December 17, 2009
Jack Bauer Interrogates Santa Claus
Betcha Santa regrets giving Jack that lump of coal last year…
“I have the power to give you a deal signed by the President of the United States that grants you immunity for past and present crimes”
March 8, 2008
Screenwriter John Rogers writes:
“So, there’s this miniseries about how factions within the US government, paired with a major corporation in the military industrial complex, create a massive terrorist attack on US soil.
Then, taking advantage of the chaos and fear-mongering, fascist* elements within the government move to take control while the corporation uses its special no-oversight, no-accountability position to administrate the devastated regions — both for their own profit and so they can control the population without any of the standard protocols of either the occupying military or local law enforcement. It’s a become better plotted espionage thriller than 24 ever was on its best day.
It’s also sharp commentary on the privatization of warfare, the cozy symbiosis of politicians and massive corporations, out of control contractors in Iraq, and the relationship between the US military and populations they’re “administering”. It does all this while still casting the US military in an overwhelmingly positive light. The Army = Good Guys. This series casts the “insurgents” as American revolutionaries rising up against unfair administration by an outside force. There’s even a Stamp Act reference.
And their version of Paul Bremer shoots a teenage girl to death.
And it’s on CBS in prime time.
I’m almost terrified to write about this, in the fear that at some point the buzz will motivate someone at CBS will turn on the channel and realize they’re broadcasting perhaps the most genuinely subversive piece of entertainment in the last 8 years.”
(no, I didn’t want to quote that much, but there’s no good place to cut it — which I suspect is a survival skill for a good screenwriter — go read the whole thing, and then the rest of his blog; it’s damn good)
Rogers has it in one — perhaps the real saving grace of Jericho’s continuing low viewership is that there’s a lot of people out there who would be trying to cancel it right now if they paid attention to what it was saying.
Jericho got a last minute reprieve from a network death sentence last fall, and they’re going at it like they’ve got nothing to lose — and perhaps they don’t — if it wasn’t for how screwed up network TV is in the wake of the Writer’s Strike, there wouldn’t be a prayer that the show would survive, and as it is, if they have a prayer at all, it’s a tiny one.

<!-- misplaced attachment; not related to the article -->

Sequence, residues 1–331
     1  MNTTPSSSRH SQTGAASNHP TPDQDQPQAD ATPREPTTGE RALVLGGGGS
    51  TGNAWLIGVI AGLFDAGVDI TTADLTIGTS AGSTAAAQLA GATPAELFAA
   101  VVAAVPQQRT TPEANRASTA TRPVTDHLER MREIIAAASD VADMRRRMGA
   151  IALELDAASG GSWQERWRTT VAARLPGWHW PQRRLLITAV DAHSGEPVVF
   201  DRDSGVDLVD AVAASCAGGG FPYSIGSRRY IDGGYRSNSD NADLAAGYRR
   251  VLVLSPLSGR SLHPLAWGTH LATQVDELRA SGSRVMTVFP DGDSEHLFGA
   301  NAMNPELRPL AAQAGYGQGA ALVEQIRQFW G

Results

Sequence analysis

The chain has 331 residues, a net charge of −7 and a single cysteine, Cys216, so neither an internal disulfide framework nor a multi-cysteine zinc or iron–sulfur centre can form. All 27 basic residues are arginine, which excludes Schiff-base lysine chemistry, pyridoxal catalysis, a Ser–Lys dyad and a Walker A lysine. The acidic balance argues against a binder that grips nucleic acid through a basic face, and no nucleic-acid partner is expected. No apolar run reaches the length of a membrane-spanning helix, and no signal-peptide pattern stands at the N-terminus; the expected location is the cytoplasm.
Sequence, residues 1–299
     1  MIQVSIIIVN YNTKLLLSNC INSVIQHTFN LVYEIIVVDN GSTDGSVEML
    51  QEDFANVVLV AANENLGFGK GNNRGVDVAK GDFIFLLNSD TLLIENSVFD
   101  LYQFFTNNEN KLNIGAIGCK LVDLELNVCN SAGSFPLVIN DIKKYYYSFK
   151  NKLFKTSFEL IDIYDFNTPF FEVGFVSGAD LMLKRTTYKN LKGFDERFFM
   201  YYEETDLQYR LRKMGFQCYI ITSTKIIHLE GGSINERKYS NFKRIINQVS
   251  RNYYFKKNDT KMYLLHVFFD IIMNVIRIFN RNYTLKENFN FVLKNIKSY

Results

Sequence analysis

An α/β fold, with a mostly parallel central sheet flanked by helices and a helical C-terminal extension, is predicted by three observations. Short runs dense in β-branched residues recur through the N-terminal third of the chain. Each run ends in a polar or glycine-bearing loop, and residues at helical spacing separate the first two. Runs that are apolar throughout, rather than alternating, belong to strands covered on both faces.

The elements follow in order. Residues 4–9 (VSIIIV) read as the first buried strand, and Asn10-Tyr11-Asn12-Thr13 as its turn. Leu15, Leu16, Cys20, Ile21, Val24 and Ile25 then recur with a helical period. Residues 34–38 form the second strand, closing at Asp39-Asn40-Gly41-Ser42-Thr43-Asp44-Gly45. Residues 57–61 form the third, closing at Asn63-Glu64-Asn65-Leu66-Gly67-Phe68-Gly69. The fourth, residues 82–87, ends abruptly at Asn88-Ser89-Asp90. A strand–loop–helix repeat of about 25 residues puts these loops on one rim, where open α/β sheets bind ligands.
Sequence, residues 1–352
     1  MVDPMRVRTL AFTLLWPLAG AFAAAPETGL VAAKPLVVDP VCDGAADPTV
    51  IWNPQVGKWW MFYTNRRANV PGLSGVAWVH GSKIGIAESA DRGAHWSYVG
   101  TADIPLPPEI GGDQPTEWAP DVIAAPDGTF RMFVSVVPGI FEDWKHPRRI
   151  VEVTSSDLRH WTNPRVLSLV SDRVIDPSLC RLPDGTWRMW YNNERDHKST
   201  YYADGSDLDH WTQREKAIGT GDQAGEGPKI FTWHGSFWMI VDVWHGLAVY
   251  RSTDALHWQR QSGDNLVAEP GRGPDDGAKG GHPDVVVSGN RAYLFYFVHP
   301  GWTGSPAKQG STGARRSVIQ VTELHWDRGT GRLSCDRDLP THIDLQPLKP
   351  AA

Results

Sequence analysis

But in the meantime, the gloves are well off.
I had a bit of a love-hate relationship with Jericho last year — between flirting with wanting to be “The Waltons”, killing off main characters and having the main bad guy being the butt-of-jokes cop from “Psyched”, I really didn’t care whether they came back from the dead this year or not.
Until I watched a bit (due to the lack of anything else to watch). Jericho this season has cranked the “Harsh” knob all the way up to 11, and broken it off.
February 6, 2007
Jack’s back, and as usual, there is a lot of noise about people who want
to get publicity by being offended to be offended by the show.
The other day, one of my offspring caught me watching it, and had a little hissy fit about the show helping keep the public in a state of fear by making terrorism seem likely.
Other popular complaints seem to be the promotion of violence, the unlikely invulnerability of the main character, or targeting specific minority groups.
Of course, it seems that the people who keep the climate of fear stoked mostly work the news desk and capital hill (or Boston city government, these days).
The show is certainly violent, but you’ve got to target your demographic, and frankly, males 18 – “still breathing” like watching stuff getting blown up; if you want to target a different demographic, bring back “Touched by an Angel”.
Is Jack doing a Superman turn? Of course — on the other hand, action shows whose charismatic main characters get permanently “killed to death” don’t go on much further.
Does the show target minorities? Somewhat, particularly as the “small bad”, but the minority in question changes a lot from season to season (Central American, Eastern European, Russian, Turkish, and corrupt US officials, to name a few).
So, the show does all of these (for the sake of argument) crappy things — if there’s an audience for it, someone will do a show that appeals to them.
The more interesting question is once you get past the superficial hook to get an audience sitting in front of it, what messages does the show actually tell?
24’s messages have gotten increasingly “subversive” over its lifespan, and interestingly, often run quite a bit counter to what it’s usually accused of.
- Just because I’m from the Government doesn’t mean I’m here to help you — or even have your best interests at heart — The government doesn’t get off easy in 24. We’ve had weasily Presidents who are actually supplying terrorists. We’ve had senior military people trying to keep the public panicked. We’ve had any number of middling to high level officials screwing everybody to line their pockets.